III. Reign.—All the data for a continuous history that we have of Solomon’s reign are—(a) The duration of the reign, forty years, b.c. 1015–975. 1 Kings 11:42. (b) The commencement of the temple in the fourth, its completion in the eleventh, year of his reign. 1 Kings 6:1, 37–38. (c) The commencement of his own palace in the seventh, its completion in the twentieth, year. 1 Kings 7:1; 2 Chron. 8:1. (d) The conquest of Hamath-zobah, and the consequent foundation of cities in the region of north Palestine after the twentieth year. 2 Chron. 8:1–6.
IV. Foreign policy.—
1. Egypt. The first act of the foreign policy of the new reign must have been to most Israelites a very startling one. He made affinity with Pharaoh, king of Egypt, by marrying his daughter. 1 Kings 3:1. The immediate results were probably favorable enough. The new queen brought with her as a dowry the frontier city of Gezer. But the ultimate issue of the alliance showed that it was hollow and impolitic. 2. Tyre. The alliance with the Phoenician king rested on a somewhat different footing. It had been a part of David’s policy from the beginning of his reign. Hiram had been “ever a lover of David.” As soon as he heard of Solomon’s accession he sent ambassadors to salute him. A correspondence passed between the two kings, which ended in a treaty of commerce. The opening of Joppa as a port created a new coasting-trade, and the materials from Tyre were conveyed to that city on floats, and thence to Jerusalem. 2 Chron. 2:16. In return for these exports, the Phoenicians were only too glad to receive the corn and oil of Solomon’s territory. The results of the alliance did not end here. Now, for the first time in the history of the Jews, they entered on a career as a commercial people. 3. The foregoing were the two most important alliances. The absence of any reference to Babylon and Assyria, and the fact that the Euphrates was recognized as the boundary of Solomon’s kingdom, 2 Chron. 9:26, suggests the inference that the Mesopotamian monarchies were at this time comparatively feeble. Other neighboring nations were content to pay annual tribute in the form of gifts. 2 Chron. 9:28. 4. The survey of the influence exercised by Solomon on surrounding nations would be incomplete if we were to pass over that which was more directly personal—the frame of his glory and his wisdom. Wherever the ships of Tarshish went, they carried with them the report, losing nothing in its passage, of what their crews had seen and heard. The journey of the queen of Sheba, though from its circumstances the most conspicuous, did not stand alone.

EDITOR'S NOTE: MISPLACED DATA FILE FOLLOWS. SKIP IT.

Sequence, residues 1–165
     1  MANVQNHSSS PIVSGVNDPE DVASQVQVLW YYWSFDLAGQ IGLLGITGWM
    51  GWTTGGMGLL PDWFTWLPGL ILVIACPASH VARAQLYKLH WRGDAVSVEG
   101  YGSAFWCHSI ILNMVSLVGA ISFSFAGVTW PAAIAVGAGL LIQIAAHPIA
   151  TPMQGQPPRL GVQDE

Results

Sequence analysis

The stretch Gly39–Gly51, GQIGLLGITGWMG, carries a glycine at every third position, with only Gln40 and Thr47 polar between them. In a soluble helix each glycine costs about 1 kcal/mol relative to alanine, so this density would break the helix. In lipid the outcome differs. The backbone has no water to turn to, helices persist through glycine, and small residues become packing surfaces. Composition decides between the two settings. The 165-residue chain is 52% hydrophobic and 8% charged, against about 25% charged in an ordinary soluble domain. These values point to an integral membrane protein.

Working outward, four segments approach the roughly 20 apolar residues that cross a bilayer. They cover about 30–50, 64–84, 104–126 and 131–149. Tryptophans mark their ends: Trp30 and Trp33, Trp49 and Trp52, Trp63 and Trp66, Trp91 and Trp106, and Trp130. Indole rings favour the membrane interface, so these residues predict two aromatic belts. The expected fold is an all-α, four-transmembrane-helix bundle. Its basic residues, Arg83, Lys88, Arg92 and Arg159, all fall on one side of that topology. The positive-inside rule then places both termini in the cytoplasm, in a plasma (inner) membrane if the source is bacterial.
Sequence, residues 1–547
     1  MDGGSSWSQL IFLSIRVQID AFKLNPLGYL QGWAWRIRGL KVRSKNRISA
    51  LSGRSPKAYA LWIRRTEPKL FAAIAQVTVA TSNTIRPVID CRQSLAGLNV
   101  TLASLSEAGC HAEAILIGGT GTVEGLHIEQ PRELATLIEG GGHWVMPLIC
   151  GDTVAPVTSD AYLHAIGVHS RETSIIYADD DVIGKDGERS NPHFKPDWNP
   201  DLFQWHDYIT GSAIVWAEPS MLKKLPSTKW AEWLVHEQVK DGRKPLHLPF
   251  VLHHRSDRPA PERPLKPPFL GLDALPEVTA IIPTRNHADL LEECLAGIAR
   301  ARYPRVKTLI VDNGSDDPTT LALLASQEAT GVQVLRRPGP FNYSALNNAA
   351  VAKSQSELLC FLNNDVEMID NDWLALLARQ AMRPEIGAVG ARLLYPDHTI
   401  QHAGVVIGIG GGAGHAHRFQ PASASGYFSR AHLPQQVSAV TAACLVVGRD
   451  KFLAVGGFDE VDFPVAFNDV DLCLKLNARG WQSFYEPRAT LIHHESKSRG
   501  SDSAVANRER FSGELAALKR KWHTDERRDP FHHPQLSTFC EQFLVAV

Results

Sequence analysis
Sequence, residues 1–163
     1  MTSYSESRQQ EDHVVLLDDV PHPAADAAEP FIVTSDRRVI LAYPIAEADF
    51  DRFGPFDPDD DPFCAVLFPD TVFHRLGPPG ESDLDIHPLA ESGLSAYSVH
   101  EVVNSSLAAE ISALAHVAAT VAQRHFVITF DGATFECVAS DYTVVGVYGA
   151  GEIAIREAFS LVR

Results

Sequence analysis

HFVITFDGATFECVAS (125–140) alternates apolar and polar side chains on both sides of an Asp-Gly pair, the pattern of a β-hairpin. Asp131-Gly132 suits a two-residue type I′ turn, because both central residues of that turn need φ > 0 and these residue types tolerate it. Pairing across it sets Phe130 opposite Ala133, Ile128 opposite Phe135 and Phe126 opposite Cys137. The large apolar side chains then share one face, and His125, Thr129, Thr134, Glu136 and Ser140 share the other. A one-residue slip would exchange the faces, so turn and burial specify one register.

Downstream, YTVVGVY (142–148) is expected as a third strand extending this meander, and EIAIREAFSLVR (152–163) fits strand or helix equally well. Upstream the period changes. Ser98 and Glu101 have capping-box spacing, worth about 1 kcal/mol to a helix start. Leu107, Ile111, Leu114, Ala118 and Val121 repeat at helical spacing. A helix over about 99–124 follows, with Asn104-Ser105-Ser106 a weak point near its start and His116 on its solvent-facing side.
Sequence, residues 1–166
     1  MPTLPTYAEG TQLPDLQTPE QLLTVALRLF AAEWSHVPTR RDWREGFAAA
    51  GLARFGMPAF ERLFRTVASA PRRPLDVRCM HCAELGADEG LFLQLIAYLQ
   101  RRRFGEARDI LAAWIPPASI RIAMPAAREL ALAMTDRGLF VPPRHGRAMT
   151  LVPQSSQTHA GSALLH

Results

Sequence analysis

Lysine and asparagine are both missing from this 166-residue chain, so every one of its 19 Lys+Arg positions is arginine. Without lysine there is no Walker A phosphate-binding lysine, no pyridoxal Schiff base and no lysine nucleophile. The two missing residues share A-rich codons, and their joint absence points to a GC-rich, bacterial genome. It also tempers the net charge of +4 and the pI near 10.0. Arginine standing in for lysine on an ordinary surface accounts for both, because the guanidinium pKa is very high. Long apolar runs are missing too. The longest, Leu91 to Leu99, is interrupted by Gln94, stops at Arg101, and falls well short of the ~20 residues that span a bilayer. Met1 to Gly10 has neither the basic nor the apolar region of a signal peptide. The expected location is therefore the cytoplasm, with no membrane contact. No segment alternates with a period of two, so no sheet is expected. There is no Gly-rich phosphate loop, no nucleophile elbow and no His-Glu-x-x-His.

V. Internal history.—